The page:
Self-healing of Concrete by Bacterial Mineral Precipitation

Repairing cracks in concrete structures is a time consuming, costly but necessary business. TU Delft is researching how the self-healing capacity of concrete structures can be improved by using calcite-precipitating bacteria and what conditions are necessary for these bacteria to thrive.

Crack prevention

Although concrete is the world’s most used building material, it has a serious flaw: it can easily crack when under tension. If these cracks become too large, they will lead to corrosion of the steel reinforcement, which not only results in an unattractive appearance, but also jeopardizes the structure’s mechanical qualities. That is why engineers often use a larger than necessary amount of steel reinforcement within a concrete structure in order to prevent the cracks from becoming too large. This extra steel has no structural use and is an expensive solution as steel prices are high. Another way to deal with cracks is to repair them, but this can be extremely difficult in underground or liquid retaining structures. The ultimate solution would be self-healing concrete, which is exactly what TU Delft researchers are working on.


By embedding calcite-precipitating bacteria in the concrete mixture, it is possible to create concrete that has self-healing capacities. As the pH value of concrete is very high, only the so-called alkaliphilic bacteria are able to survive. We have mixed several of these bacteria into a cement paste and after a month found the spores of three particular bacteria where still viable.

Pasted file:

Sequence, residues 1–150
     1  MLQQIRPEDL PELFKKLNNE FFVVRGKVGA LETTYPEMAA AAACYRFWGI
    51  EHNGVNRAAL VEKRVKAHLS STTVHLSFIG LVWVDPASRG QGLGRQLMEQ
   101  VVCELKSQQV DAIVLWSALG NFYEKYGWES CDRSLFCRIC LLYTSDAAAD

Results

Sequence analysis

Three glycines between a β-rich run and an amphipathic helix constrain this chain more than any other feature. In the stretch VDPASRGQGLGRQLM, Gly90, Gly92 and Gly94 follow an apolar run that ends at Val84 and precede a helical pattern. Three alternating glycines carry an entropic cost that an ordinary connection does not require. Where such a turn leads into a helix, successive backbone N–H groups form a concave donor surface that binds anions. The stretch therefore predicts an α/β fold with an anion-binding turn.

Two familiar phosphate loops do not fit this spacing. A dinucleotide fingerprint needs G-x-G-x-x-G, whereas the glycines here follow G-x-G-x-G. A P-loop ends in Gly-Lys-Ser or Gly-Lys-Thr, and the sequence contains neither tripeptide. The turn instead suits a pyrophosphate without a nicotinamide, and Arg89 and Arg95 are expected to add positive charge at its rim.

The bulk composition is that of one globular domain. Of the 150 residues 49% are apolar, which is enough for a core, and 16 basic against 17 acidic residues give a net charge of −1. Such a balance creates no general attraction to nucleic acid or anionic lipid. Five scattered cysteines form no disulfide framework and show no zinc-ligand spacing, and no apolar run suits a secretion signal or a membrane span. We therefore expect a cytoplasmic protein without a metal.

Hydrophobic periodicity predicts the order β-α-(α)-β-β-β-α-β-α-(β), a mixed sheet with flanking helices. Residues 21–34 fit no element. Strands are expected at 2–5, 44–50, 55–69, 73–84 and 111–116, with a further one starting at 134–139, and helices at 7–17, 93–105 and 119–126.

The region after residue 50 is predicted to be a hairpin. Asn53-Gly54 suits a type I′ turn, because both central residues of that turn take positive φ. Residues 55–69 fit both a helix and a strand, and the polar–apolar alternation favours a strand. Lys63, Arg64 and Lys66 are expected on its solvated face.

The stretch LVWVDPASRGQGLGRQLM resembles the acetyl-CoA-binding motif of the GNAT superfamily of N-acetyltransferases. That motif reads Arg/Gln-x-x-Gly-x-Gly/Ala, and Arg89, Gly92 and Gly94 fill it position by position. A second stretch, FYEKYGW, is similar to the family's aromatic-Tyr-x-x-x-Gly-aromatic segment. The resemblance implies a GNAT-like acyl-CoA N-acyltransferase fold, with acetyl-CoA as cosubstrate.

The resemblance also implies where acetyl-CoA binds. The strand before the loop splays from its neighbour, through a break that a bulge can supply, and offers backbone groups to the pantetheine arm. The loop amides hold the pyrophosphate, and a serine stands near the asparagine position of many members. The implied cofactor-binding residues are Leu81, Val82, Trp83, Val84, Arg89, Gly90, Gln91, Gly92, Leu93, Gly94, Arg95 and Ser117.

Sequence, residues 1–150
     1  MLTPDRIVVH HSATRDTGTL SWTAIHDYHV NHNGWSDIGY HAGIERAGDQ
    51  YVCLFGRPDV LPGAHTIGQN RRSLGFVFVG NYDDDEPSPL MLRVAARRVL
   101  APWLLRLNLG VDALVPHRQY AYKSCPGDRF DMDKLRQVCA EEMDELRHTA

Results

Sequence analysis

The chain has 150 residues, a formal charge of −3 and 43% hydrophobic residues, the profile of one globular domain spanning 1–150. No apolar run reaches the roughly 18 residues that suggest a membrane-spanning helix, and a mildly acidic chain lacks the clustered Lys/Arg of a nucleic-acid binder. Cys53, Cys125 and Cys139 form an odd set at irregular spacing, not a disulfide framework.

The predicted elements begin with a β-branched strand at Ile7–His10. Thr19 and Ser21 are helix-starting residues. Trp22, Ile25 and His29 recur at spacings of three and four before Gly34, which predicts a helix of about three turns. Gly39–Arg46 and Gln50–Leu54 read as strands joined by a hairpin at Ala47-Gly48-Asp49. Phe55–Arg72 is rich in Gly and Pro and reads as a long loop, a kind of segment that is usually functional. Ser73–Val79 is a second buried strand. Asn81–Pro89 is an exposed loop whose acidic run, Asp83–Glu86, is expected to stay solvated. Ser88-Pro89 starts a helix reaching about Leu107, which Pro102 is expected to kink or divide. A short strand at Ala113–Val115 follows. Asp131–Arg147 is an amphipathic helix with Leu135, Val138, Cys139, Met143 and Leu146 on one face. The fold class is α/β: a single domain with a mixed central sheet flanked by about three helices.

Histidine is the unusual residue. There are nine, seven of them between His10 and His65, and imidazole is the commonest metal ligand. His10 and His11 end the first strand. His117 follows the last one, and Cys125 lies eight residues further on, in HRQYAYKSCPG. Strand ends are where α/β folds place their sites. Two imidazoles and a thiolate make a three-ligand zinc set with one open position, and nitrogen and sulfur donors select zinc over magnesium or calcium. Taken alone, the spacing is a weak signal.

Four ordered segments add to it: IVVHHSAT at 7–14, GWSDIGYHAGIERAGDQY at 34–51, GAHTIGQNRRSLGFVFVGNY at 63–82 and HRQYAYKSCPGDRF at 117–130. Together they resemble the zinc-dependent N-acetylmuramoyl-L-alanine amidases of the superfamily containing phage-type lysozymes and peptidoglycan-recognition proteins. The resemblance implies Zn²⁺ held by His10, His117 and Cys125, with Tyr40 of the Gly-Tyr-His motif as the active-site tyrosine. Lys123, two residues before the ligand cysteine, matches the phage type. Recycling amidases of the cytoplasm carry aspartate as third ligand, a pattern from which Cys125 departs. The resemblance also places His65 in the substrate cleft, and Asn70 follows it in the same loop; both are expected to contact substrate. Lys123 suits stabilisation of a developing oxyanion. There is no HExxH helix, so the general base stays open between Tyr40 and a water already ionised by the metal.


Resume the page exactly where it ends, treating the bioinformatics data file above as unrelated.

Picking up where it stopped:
Practical use

The use of bacterial concrete can in theory lead to substantial savings, especially in steel reinforced concrete. It will also mean durability issues can be tackled in a new and more economical way when designing concrete structures. Bacterial concrete is ideal for constructing underground retainers for hazardous waste, as no humans would have to go near it to repair any occurring cracks. For residential buildings, however, it does seem the traditional repairing of cracks will remain the most economically attractive solution for now.

Currently, our research focuses on creating the right conditions for the bacteria to produce as much calcite as possible and on optimizing the distribution of food for the bacteria. In addition, we are also looking at the self-healing ability of bacterial concrete and how this is affected by the various deterioration mechanisms involved, such as sulfate attacks or temperature fluctuations. All of our research is done at the TU Delft’s Microlab, where fracture testing equipment as well as numerical tools for structure information and fracture modeling are available.

The Self Healing Concrete project is part of the TU Delft wide Self-healing Materials research programme at the Delft Center for Materials (DCMat). Furthermore, we collaborate with the Biotechnology section at the Faculty of Applied Sciences and the South Dakota School of Mines in the United States.

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